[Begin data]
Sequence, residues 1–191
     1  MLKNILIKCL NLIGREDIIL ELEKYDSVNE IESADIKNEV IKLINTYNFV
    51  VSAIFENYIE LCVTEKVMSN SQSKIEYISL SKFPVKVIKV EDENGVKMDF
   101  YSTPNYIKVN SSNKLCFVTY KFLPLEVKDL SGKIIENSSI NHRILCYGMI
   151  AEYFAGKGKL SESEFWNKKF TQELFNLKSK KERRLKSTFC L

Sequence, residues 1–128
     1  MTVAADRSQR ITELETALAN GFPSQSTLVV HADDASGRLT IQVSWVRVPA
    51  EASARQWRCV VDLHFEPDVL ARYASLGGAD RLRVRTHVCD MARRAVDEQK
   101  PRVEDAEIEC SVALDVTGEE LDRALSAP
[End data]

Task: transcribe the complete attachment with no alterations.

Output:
Sequence, residues 1–191
     1  MLKNILIKCL NLIGREDIIL ELEKYDSVNE IESADIKNEV IKLINTYNFV
    51  VSAIFENYIE LCVTEKVMSN SQSKIEYISL SKFPVKVIKV EDENGVKMDF
   101  YSTPNYIKVN SSNKLCFVTY KFLPLEVKDL SGKIIENSSI NHRILCYGMI
   151  AEYFAGKGKL SESEFWNKKF TQELFNLKSK KERRLKSTFC L

Sequence, residues 1–128
     1  MTVAADRSQR ITELETALAN GFPSQSTLVV HADDASGRLT IQVSWVRVPA
    51  EASARQWRCV VDLHFEPDVL ARYASLGGAD RLRVRTHVCD MARRAVDEQK
   101  PRVEDAEIEC SVALDVTGEE LDRALSAP